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The Pleistocene to upper middle Miocene section was not cored in Hole M0028A, and the hole bottomed in the lower Miocene. Chronology for the lower middle to lower Miocene in Hole M0028A was obtained by integrating on an age-depth diagram (Fig. F23) the following:

  1. Biostratigraphy provided by calcareous nannofossil, planktonic foraminifer, and dinocyst data. Zonal durations are plotted using tables provided in "Paleontology" along with select datum levels (first and last occurrences).

  2. Sr isotopic ages and associated age errors.

  3. Placement of sequence boundaries and other stratal surfaces (Table T14).

  4. The timescale of Berggren et al. (1995; BKSA95).

Surfaces were picked as seismic sequence boundaries in two-way traveltime (Table T14) and converted to depth and tied to cores (Table T14) using a velocity function (see "Stratigraphic correlation" in the "Methods" chapter for discussion of criteria used to define seismic sequence boundaries and the derivation of the time to depth conversion of seismic data). In figures, features are presented as follows:

  • If unsampled by cores, the reflector is indicated with a gray shaded zone.

  • If identified in a core, the surface was plotted as a solid red line for sequence boundaries and a dashed line where uncertain or where there was more than one possible core surface for a given seismic sequence boundary (see "Stratigraphic correlation").

  • A few prominent (but not all) features interpreted as MFSs identified in the cores (see "Stratigraphic correlation") are indicated with a green line.

  • A visual best fit sedimentation rate line was estimated for each sequence and an age error assigned to each. The sedimentation rate is not corrected for postdepositional compaction and represents a minimum sedimentation rate.

The section above sequence boundary m4.5 (247.78 mbsf) is constrained only by one Sr isotope age of 13.8 Ma ± 1.17 m.y. and is assigned to calcareous nannofossil Zones ?NN6 and NN5 and planktonic foraminifer Zone M7/N10. The overlap of G. praemenardii (FO ~14.2 Ma) and G. archeomenardii (LO 13.9 Ma) suggests that the base of this sequence is ~14 Ma. This sequence is older than sequences m3 and m4, which correlate with the two major steps (Mi3 and Mi4) in the middle Miocene oxygen isotopic record (Miller et al., 1998).

Sequence m5 (246.0–268/271 mbsf) is constrained in age by one Sr isotope age estimate of 14.0 Ma ± 1.17 m.y. and is assigned to dinocyst Zone DN5 and nannofossil Zone NN5. Its age is determined largely by superposition as 14–15 Ma. Sequence m5.2 (268/271–313.48 mbsf) is constrained in age by Sr isotope age estimates of 15.8 Ma ± 0.6 m.y. and 16.1 Ma ± 0.6 m.y. to Zone DN4 and Zones NN5 and NN4. The NN4/NN5 zonal boundary provides a firm age constraint (15.6 Ma) within the sequence, with a basal age of ~16 Ma obtained by assuming a high, constant sedimentation rate. Sequence m5.3 (313.48–335.5/342.4 mbsf) is constrained in age by Sr isotope age estimates of 16.7 Ma ± 0.6 m.y. and 16.4 Ma ± 0.6 m.y., Zone NN4, and Zone DN2–DN3. Its age is not well constrained (~16–17 Ma), with a possible age of 16.4–16.8 Ma. Sequence m5.4 (335.5/342.4–?495.2 mbsf) is assigned to Zones NN4, M3/N6 or older, and DN3 (DN2 dinocysts are reworked into this sequence). Sr isotope ages of 16.6 Ma ± 0.6 m.y. and 17.3 Ma ± 0.6 m.y. are concordant with the biostratigraphy, but two ages of 18.8 and 18.3 Ma may suffer from reworking, as noted by the dinocysts. The basal age is 17.3–18.3 Ma, with a best estimate of ~18 Ma. Sequence m5.45 (?495.2–512.3 mbsf) is assigned to Zones NN4 (<18.4 Ma) and DN2–DN3. The sole Sr isotopic age estimate of 18.6 Ma ± 0.6 m.y. is consistent within errors. The sequence boundary is clearly younger than 18.4 Ma but could be as young as ~17 Ma with a best estimate of ~18.2 Ma. Sequence m5.47 (512.3–519.7 mbsf) has little age constraint other than superposition. The assignment to dinocyst Zone DN2 appears too old compared to constraints on the overlying and underlying sequence. Sequence m5.6 (519.7–544.5/546.7 mbsf) is only constrained by the presence of G. praescitula (FO 18.5 Ma) and the presence of Zone NN4 (<18.4 Ma) at the top. Extrapolation of sedimentation rates would yield an age range of ~18.6–19.6 Ma. Sequence m5.7 (544.5–600.3 mbsf) has no constraint other than superposition (18.6 to ~20.5 Ma). Sequence m5.8 (600.3–663.0 mbsf) is assigned to mid-Zone NN2 (~20–21.5 Ma) and Zone DN2. Provisional magnetostratigraphy (see "Paleomagnetism") identifies a thick (>18 m) normal magnetozone in the lower part of this sequence, overlain by a more complicated interval that appears reversed. Given the biostratigraphic constraints (~20–21.5 Ma) that are quite consistent with regional correlations (including Hole M0027A), this normal magnetozone may be Chron C6AN.2n and the reversal below it Chron C6AN.2r, suggesting a basal age of ~21.5 Ma. Sequence m6 was just reached at the bottom of the hole, with an Sr isotope age of 20.7 Ma ± 0.6 m.y.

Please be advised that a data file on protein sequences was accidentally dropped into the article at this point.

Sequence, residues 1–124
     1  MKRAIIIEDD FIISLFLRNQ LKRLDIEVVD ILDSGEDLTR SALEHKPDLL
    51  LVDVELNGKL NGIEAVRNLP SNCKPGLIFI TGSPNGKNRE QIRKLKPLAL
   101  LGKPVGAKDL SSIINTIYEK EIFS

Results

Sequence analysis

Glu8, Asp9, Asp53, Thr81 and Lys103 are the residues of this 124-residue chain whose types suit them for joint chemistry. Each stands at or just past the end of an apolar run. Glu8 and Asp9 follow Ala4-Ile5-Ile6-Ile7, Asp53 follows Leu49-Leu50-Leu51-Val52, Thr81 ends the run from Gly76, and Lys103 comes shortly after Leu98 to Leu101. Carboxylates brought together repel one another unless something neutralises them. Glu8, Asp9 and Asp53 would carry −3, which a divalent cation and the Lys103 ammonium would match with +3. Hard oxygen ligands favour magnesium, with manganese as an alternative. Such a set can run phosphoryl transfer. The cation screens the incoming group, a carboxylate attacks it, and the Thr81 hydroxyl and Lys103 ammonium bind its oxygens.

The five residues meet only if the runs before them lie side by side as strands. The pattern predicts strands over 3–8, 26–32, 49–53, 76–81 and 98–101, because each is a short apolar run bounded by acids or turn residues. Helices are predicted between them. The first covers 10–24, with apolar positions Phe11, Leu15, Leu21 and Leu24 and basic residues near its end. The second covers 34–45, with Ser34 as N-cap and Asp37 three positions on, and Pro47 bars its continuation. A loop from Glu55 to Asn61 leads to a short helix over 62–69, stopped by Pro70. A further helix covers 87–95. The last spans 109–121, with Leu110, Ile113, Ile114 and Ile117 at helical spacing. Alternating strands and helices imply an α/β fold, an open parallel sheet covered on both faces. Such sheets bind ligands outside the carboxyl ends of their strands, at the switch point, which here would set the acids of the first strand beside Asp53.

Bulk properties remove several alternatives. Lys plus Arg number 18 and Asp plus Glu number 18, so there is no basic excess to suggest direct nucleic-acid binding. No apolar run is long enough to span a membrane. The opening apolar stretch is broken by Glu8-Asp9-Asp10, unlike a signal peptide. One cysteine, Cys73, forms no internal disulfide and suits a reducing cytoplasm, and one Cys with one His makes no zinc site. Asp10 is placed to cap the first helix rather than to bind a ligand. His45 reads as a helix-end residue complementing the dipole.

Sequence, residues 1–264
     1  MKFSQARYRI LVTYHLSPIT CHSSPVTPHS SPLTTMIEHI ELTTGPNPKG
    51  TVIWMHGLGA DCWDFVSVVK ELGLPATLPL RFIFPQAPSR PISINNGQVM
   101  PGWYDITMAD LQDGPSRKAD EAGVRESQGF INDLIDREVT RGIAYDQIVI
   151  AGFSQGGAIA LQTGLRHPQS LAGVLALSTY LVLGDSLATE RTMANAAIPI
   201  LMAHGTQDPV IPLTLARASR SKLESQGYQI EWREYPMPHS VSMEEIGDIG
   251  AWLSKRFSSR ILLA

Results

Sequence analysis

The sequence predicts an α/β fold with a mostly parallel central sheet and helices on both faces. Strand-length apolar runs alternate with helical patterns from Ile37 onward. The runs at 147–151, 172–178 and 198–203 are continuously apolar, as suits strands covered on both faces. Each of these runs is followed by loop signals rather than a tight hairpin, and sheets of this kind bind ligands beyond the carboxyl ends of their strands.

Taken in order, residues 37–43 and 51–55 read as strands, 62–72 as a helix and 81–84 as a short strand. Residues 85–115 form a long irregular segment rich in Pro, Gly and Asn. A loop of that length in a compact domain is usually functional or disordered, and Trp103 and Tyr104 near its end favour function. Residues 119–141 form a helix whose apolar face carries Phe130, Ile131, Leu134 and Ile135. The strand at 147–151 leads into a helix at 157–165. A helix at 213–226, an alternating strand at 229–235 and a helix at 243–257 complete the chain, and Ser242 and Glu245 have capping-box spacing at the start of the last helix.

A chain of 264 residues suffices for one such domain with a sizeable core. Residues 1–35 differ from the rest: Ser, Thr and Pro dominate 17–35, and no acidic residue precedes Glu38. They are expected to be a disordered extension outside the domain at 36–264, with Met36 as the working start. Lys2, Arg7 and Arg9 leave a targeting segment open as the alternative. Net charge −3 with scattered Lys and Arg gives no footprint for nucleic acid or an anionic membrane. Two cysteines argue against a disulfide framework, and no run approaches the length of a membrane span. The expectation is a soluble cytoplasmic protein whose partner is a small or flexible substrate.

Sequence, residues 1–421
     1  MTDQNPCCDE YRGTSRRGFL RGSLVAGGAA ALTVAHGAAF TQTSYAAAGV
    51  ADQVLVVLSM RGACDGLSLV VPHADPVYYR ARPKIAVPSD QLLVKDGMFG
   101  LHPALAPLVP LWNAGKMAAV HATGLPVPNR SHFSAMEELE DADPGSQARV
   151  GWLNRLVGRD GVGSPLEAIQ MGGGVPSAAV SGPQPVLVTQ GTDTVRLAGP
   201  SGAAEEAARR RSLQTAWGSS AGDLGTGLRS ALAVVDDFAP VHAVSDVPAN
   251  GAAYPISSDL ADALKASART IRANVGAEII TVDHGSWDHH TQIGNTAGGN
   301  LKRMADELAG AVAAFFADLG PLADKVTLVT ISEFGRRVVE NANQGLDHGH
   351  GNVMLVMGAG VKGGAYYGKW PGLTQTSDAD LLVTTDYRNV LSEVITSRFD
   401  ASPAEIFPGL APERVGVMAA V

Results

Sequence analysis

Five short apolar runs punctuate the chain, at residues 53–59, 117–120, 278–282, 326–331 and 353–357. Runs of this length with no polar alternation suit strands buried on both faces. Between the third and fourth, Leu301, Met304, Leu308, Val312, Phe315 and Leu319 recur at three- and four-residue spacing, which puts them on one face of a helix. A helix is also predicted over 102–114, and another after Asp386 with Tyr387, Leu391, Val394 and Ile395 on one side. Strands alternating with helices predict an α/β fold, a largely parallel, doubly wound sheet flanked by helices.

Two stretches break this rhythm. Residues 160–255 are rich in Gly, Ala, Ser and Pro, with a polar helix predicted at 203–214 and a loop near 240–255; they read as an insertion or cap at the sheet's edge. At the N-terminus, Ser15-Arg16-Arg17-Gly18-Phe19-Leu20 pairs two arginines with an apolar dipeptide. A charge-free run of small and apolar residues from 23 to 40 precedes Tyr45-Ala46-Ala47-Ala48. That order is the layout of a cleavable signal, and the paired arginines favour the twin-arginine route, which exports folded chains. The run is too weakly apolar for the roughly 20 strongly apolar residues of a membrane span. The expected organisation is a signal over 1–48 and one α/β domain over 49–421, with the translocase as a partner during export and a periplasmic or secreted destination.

Sedimentation rates are difficult to estimate in Hole M0028A from the preliminary age constraints. Typical sedimentation rates shown on Figure F23 are 40 m/m.y. Sedimentation rates during deposition of the m5.4 sequence in a position near its greatest thickness were higher: the ~145 m of this sequence was deposited in 1–1.5 m.y. with sedimentation rates of ~100–145 m/m.y. The relatively thick sequences m5.2 and m5.8 (~43 and 51 m, respectively) appear to have been deposited in <1 m.y. with rough sedimentation rates of ~50 and 75 m/m.y., respectively.